Understanding Biblical Context

Thursday, March 1, 2018

Alicia Batten talks with a student.Professor Alicia Batten teaches New Testament in Grebel’s Theological Studies program. She is writing a commentary on the Letter of James for the Illuminations Commentary Series—a close look at the letter as a whole, combined with attention to the reception of the letter and its impact over the centuries.

Because the books of the Bible were written in a different place and time than today, Batten emphasizes how “it is essential to study the cultures, societies, and religious and political ideas of the ancient world by studying literature, archaeology, history, and anthropology of the ancient Mediterranean. By understanding some of this background of the Bible,” she explains, “we can then approach the texts and lessen the risk that we might read them in an ethnocentric manner. We must be careful not to impose our own presuppositions and cultural mores on the biblical texts.”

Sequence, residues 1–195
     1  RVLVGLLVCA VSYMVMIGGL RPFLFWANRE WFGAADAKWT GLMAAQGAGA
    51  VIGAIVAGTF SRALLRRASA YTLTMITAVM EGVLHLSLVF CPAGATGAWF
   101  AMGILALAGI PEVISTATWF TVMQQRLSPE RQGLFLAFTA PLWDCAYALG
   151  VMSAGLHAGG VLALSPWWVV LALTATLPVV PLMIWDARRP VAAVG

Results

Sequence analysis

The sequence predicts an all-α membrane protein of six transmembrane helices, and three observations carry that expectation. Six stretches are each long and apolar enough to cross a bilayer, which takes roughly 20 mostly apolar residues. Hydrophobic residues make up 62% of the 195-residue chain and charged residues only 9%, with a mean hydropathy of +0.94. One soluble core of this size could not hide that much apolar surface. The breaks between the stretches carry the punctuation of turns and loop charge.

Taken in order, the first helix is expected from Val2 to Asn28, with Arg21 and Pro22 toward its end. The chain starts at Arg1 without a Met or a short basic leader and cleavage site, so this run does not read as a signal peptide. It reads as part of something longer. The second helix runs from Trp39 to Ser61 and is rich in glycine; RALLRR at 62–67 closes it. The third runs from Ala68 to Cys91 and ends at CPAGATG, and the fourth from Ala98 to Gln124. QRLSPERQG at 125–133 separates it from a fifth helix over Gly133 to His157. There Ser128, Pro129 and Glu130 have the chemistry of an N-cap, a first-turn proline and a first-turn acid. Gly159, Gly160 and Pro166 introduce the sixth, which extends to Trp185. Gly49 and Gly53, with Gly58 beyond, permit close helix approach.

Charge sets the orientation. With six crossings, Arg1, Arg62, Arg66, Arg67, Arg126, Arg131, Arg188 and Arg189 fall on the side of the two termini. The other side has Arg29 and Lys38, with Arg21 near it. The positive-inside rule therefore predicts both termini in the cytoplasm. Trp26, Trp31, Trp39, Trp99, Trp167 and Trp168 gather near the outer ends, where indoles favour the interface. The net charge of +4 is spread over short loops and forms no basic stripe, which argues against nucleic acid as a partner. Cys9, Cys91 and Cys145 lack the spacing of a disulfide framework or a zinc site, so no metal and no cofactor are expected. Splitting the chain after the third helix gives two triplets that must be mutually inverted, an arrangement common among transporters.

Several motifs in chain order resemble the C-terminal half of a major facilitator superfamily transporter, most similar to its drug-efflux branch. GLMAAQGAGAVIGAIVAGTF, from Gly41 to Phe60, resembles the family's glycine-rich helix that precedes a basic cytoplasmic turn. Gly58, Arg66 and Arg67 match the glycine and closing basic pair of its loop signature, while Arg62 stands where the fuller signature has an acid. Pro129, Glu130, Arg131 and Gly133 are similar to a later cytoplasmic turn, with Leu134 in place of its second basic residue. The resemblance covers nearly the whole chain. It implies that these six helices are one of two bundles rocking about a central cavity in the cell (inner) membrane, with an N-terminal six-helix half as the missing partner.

“Biblical research benefits the church by providing tools and resources that people can use as they study the Bible together. Biblical research does not provide the final answer to what these ancient texts meant or mean, but it does point out that despite the multiplicity of conclusions that we may come to about the Bible, some conclusions are better than others.”

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